Dispatch HiJinks

There are times in dispatch when you just have to take the opportunity to have a bit of fun with the officers. A little hijinks can make even the slowest moving night go by so much faster (if only for an hour). One night shift, during National Telecommunicators Week, we did just that with a perfectly hatched plan.

At our center, we were having an open house and had invited our officers to come in for a visit. That night, I was tasked with taking the officers on tours and answering any questions.  At one point, I had three of them come up for a visit. As I was showing them around, we swapped stories about some of the different hijinks that dispatch has played on them and vice versa. Then one of them stated that they were having a BBQ for their watch Sergeant, who was transferring to another unit and we should convince him that his truck had been stolen.

Of course, I was all for pulling off another prank and we started to hatch the plan. It was decided that we should go over the radio to dispatch a stolen vehicle file. This file would have details that the vehicle was believed to be stolen due to a broken window, erratic driving, that it had struck parked vehicles and was seen heading northbound at a high rate of speed. We decided that this was perfect and to wait until most of the other officers were back at the office for the BBQ.

After seeing our visitors out, I went back into the comm. center. Then I shared that the officers and I had come up with a plan to prank the watch Sergeant. After receiving permission from the supervisor, I asked my dispatch partner if she would like to have the honors. She laughed and said that she would like too.

As the BBQ approached, one of the officer’s called to let us know that it was almost time. He also confirmed for us, the make, model and license plate of the “stolen” truck. When nearly the whole watch was in the office, the dispatch went out. My partner executed a flawless description of the vehicle, the license plate, description of driving pattern and direction of travel. She even butchered the pronunciation of the Sergeant’s name for good measure. Upon hearing the details, you could hear the Sergeant ask the dispatcher to repeat the license plate. When it was confirmed, he apparently jumped up and headed for the door. However he quickly realized that none of the others were following him, as they continued to sit nonchalantly eating their burgers.

Good times were had by all…except the Sergeant.






What not do….When You’re High

Now it goes without saying that some of the most strange calls can come from people who are intoxicated, or high. When we receive these types of calls, we will send help to them, but at times they do provide a little “comic relief” to the shift. The following story is one of those calls…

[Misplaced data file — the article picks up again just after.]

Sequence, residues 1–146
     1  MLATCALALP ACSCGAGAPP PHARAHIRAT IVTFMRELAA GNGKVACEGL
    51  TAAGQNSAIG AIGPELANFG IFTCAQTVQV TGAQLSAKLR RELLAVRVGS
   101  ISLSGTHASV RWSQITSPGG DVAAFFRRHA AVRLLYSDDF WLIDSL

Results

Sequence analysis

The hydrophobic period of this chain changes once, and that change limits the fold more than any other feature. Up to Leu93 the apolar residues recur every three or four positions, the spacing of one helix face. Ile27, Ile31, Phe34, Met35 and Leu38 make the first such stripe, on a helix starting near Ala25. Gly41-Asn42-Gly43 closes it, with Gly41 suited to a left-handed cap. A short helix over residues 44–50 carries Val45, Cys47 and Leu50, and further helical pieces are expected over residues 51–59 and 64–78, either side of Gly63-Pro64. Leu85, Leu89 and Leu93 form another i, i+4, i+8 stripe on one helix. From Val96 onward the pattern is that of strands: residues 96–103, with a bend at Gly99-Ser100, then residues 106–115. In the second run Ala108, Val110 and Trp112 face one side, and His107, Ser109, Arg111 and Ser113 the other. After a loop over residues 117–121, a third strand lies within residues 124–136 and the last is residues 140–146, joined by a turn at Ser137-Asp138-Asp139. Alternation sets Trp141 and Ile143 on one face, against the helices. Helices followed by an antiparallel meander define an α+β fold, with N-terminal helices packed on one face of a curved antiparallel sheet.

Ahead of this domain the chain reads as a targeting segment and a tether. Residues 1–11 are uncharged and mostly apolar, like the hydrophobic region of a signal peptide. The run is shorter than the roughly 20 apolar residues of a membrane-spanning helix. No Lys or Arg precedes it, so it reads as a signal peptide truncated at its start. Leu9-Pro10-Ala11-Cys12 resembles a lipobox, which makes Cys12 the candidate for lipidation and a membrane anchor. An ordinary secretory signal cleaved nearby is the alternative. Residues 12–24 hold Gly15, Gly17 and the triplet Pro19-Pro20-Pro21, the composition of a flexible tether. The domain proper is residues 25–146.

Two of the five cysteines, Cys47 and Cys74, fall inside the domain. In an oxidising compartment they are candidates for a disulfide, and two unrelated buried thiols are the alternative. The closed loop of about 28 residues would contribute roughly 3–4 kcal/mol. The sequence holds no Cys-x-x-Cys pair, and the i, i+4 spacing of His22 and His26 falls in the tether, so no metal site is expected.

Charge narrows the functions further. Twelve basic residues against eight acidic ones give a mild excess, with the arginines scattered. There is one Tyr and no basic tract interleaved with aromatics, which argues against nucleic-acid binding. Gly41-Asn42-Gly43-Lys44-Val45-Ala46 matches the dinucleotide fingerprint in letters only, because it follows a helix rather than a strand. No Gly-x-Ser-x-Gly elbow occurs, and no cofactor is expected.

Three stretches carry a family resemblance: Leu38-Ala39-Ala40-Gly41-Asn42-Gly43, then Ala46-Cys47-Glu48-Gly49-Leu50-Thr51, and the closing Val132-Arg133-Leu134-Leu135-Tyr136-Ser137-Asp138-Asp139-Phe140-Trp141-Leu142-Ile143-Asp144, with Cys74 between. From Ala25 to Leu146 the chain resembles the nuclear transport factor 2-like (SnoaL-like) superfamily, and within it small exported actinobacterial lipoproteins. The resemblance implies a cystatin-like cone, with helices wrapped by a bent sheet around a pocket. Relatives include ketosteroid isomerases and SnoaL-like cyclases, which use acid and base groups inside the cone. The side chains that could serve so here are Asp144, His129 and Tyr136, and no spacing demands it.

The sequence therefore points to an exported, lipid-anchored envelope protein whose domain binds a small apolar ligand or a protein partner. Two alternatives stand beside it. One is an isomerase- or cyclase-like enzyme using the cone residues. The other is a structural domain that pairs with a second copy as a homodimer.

One night shift, my partner took a call on 911, from a male who started the call with “I’m high on drugs.” My partner not sure that she heard correctly, asked “Who’s high on drugs?” To which the caller replied, “I am…”

Once my partner confirmed what she had heard was in fact correct, she then asked the caller, “Do you need an ambulance?”  and “What kind of drugs are you on?” The caller, likely realizing that he was basically incriminating himself said, “Oh, I think I better call a lawyer before I tell you that.” Before my partner could ask anything else, he proceeded to say “Never mind, I’m OK, I’m just drunk.” Then promptly disconnected the line.

Due to the nature of the call and likelihood that it did in fact involve drugs, my partner created a file to dispatch to an officer. Since she did not have many details, besides the strange exchange between the caller and herself, she sent it out as an unknown assist with the little info that she did have.

Of course we had a good chuckle over this call and if this were the end, it is a great story. However, there is more…

Not long after the initial call, the PSAP took another 911 call from the same number. The male caller was on the line wanting to know our “Opinion of the war on drugs,” then stated the he “Wants to go to war.” This time the caller disconnected prior to the PSAP transferring to us. So, as per our standard operating procedures, another one of our call-taking partners attempted a callback to the number. All she received was a voicemail message that said, “Many blessings, have a wonderful day!”

When the officers attended, they did indeed find the caller; Fortunately, he wasn’t violent and was not danger to the officers, or himself. However, he was very high, disoriented & discombobulated. So, the officers gave him a helping hand out to the ambulance that they had called for him.

Let this be a lesson kids….”Just say, ‘NO’ to drugs!!”

What not to do when you're high